Firstly, we tried rugby. The distance and training times allocations were the obstacle, but it was my son who had his final say. When he came home and said “Dad, I don’t find rugby interesting”, it sounded like a blessing in disguise. I looked for no alternatives and immediately introduced my son to my then beloved game. The beautiful passion of football. My son took it up in the local Bishop’s Stortford Football Academy. He was conscientious, and never missed the training. He could read the game and his passing was decent. The boy felt the ball. Yet, he lacked physique and pace. His biological age made him the youngest in his year. But I loved his spirit. He loved the game and tried all the positions. Let me not count how many times he came back home on Friday evening with a broken or a dislocated finger after his goalkeeping sessions…

Around 2018, I exercised the decision to improve my status and educate myself. I joined the ranks of the University Campus of Football Business in London. The university venue dazzled me. I was to study at the legendary Wembley Stadium. I chose Football Finance and Business as my BSc degree. 

Having gained a few placements and a basic understanding of the role of finance in sports, I volunteered to help with the Bishop’s Stortford FC club’s day-to-day operations, sponsoring search and fan engagement activities. Firstly, I wanted to give back to society. Secondly, I saw how the club struggled financially. I wished for the academy sponsor. The parents of young football adepts were constantly asked to pay significant amounts for training, equipment, and friendly games.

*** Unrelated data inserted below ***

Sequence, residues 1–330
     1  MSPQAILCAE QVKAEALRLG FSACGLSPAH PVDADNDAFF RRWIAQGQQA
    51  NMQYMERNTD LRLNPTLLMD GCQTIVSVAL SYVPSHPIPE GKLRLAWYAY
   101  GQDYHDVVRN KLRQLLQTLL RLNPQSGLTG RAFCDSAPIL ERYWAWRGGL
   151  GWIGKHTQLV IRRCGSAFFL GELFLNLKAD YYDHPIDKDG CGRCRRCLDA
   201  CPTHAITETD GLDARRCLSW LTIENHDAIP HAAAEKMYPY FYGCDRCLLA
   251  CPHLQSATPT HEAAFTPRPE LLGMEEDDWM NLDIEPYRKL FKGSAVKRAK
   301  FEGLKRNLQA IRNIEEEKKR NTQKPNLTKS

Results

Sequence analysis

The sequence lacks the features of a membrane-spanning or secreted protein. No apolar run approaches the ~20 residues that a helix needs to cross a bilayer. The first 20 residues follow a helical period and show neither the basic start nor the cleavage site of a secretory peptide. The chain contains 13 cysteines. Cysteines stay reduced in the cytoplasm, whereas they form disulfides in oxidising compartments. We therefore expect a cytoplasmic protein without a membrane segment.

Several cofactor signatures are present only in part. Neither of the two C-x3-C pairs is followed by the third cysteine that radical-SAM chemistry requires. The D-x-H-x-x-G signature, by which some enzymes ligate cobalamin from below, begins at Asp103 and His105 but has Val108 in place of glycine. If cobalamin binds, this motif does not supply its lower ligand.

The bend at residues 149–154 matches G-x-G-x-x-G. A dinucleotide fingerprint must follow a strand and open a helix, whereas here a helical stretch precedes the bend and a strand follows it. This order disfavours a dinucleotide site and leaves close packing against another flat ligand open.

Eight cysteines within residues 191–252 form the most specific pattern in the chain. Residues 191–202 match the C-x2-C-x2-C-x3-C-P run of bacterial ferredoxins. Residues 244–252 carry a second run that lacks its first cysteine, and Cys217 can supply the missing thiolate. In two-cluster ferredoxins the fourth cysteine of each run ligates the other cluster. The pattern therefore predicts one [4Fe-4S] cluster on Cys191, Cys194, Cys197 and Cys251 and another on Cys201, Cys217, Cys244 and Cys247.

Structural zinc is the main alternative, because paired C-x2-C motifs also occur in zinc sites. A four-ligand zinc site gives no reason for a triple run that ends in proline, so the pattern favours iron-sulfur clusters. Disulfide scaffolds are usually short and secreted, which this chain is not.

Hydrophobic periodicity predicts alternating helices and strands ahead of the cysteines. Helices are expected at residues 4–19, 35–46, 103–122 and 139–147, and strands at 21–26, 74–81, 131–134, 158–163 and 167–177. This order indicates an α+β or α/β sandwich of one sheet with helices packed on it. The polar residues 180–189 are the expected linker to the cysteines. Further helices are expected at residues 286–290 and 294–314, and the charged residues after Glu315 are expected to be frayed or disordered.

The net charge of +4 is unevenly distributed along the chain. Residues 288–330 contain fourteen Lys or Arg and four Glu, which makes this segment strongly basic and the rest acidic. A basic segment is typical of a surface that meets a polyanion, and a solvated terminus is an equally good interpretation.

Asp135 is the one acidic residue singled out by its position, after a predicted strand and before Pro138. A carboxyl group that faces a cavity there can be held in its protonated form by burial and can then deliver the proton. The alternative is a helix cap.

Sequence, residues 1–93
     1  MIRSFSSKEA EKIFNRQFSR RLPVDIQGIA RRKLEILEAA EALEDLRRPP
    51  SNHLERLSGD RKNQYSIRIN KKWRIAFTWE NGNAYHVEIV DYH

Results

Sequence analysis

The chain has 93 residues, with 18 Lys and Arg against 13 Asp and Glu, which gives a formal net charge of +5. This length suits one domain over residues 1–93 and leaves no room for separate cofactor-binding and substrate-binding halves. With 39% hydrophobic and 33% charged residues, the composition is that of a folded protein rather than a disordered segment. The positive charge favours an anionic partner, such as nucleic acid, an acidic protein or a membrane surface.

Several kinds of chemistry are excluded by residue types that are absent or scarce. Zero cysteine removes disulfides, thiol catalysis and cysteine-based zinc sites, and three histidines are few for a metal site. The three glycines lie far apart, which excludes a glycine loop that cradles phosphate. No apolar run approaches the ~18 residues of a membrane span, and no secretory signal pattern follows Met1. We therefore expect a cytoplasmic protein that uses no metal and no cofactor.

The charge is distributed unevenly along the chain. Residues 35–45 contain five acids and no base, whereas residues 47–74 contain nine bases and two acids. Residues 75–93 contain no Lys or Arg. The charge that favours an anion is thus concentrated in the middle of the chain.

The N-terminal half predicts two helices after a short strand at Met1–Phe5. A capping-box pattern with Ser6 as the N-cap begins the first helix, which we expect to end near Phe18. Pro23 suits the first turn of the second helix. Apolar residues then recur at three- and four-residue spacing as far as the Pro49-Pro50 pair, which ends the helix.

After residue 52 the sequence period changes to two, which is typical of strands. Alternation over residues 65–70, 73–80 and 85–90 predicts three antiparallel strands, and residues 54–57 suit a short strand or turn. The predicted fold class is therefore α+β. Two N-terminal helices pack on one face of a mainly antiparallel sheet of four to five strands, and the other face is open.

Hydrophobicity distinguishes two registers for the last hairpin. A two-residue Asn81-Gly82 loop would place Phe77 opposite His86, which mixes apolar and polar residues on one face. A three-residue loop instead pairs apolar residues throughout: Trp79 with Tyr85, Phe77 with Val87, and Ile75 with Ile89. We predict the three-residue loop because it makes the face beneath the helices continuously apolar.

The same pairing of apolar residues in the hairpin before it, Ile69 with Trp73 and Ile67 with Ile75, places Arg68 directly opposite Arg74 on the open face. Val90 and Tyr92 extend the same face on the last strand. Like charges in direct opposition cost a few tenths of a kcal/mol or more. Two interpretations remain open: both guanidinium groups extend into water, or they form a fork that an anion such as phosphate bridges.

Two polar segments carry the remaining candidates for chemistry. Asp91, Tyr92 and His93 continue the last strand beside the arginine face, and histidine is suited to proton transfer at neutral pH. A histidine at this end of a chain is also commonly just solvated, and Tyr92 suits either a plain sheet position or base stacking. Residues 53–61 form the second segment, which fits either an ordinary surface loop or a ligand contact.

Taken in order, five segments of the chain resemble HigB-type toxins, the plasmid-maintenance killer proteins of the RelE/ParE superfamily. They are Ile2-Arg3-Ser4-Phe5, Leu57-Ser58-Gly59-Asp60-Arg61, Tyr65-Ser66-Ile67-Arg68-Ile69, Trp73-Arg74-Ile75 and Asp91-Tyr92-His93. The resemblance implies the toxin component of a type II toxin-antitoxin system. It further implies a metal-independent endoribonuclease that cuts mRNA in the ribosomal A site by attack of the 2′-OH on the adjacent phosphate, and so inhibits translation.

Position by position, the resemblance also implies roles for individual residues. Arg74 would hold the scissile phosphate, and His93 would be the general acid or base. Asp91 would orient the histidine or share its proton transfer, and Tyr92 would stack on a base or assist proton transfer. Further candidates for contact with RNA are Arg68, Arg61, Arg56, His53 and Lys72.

However, to my surprise, despite my will and eagerness to learn, Bishop’s Stortford FC never replied. Never. Not even when I handed my CVs to all staff members including the chairman himself. It was an eye-opener. I started to notice the parents were the cash cows to the organisation, and the children’s talents and their will were to be traded for a safe financial revenue stream. 

I started seeing things just the way they were. Limited rotation among coaches. Lateness for training sessions. Repetitive, not innovative drills. No will to educate among coaches. 

Beforehand, I had had illusions that they were  ‘one-off situations’. My reasonable excuses covered the club’s rotten culture. I could not believe the children were to become wasted, unfulfilled talents and traded for parents’ money. I could not believe my eyes that people who deal with children’s dreams, and hopes were so irresponsible, deprived of dignity. I could not believe that children’s passion lost to money.